Q&A: Tim Hamlet, Assynt Mountain Rescue Team leader and outdoors instructor
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Tim Hamlet is an outdoors instructor and earlier this year was made leader of Assynt Mountain Rescue Team. The 34-year-old tells John Davidson more about the experience of rescuing and his love of the outdoors
Where are you based?
Achiltibuie, but our mountain rescue post is based in Inchnadamph.
Congratulations on being made leader of the team. You've been in the team for some time, including as training officer and deputy leader. Can you tell us what you gain personally from being part of the rescue team?
I get the chance to give back, the whole operation is voluntary and relies on donations and the good will of people to make it work.
As I myself got rescued at the age of 17, I feel strongly that it is the right thing to do.
How often do you get callouts and how much training is involved?
We have a day of training each month plus occasional weekends away. There are also additional national courses to increase and share knowledge in areas such as technical rope work, search management and medical.
Presumably this has been a little different over the last 16 months or so due to Covid restrictions?
Honestly, I am amazed but the resourcefulness of the team being able to keep up enthusiasm even over virtual training. Of course it is not the same as being out on the hill but at least skill fade can be combated slightly.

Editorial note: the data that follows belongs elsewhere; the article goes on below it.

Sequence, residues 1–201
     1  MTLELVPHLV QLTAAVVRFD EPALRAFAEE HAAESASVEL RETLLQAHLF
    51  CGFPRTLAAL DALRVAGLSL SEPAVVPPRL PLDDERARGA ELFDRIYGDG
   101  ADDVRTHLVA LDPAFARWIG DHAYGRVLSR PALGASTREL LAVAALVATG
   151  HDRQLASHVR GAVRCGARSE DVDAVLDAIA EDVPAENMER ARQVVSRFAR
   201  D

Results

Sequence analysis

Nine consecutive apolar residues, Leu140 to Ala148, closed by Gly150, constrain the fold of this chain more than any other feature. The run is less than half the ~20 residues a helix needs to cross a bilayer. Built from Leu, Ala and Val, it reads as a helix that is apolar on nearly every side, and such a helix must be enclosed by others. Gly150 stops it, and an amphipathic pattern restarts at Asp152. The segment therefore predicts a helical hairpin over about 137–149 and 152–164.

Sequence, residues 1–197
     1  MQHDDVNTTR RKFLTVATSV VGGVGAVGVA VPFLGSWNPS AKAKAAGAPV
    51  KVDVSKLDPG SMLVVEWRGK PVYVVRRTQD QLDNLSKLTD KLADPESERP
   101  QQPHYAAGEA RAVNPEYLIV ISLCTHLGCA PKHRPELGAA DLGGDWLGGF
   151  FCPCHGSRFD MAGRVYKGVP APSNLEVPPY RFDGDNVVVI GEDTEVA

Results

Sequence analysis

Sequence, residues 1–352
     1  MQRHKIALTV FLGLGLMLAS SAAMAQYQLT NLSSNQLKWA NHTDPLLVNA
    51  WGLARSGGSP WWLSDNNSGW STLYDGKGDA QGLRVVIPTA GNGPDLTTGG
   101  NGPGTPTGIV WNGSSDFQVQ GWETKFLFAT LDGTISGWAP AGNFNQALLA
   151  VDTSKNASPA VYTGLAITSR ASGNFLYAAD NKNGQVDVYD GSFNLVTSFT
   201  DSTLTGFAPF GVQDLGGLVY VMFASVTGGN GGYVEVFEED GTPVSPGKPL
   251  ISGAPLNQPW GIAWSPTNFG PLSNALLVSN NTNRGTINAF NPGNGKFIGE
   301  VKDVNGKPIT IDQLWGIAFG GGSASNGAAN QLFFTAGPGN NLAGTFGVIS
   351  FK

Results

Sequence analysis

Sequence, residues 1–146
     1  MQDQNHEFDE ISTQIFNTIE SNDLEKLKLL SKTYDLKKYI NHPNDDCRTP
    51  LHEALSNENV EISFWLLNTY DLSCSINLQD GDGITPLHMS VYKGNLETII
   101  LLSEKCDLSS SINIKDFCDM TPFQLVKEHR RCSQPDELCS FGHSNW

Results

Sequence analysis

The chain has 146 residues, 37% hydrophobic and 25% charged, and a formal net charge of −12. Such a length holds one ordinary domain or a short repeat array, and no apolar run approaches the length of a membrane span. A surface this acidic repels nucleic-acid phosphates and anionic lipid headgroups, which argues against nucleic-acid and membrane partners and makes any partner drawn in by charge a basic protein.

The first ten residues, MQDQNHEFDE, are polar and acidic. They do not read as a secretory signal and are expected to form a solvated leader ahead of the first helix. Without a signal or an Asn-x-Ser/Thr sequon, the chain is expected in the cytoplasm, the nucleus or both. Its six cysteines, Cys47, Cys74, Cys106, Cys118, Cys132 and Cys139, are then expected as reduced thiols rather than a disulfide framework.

You must have had some difficult experiences as a team member – how do you cope and support each other through those tough times?
We have a fabulous network and the team operates much like a family – we look out for each other and have the space to talk.
Yes, there are difficult times but there are also fabulous success stories.
What aims do you have for the future of the team?
We plan on moving forward towards building a new team base, one with a flushing toilet would be nice.
Currently our base is little more than a garage for the Land Rover. We would also like to get our brand new communications vehicle and ambulance for the north-east under cover.
You are also an outdoor instructor. What inspires you to get out into the Highlands and to share that with others?
In my day job I work as a mountaineering and climbing instuctor as well as a sea kayak and canoe guide.
Running my own buisness taking people out into the great outdoors is a pleasure. Sharing what I think is some of the best and most scenic landscape in Scotland with people is such a joy.
Do you have a favourite place to climb or walk in the hills?
Favourite place or hill – people often ask me this, would you rather be out rock climbing or canoeing. Honestly, I would be happy either way.
Do you have a favourite outdoors book or author?
Do rock climbing guidebooks count? I do really like the writings of Nan Shepherd, although they are about the Cairngorms.
It is so nicely written and helps me to look at the landscape differently.
What advice would you give to anybody heading to the hills this summer and beyond?
Plan ahead, plan your route, plan your escape if the weather comes in. Do not be afraid to leave it until another day if the weather is not right, the mountain will still be there.
Learn the skills of how to use a map and compass and take them with you. Plenty of food and a group shelter, along with warm clothes even in summer, can really save your life.
If you need the mountain rescue call 999 and ask for the police.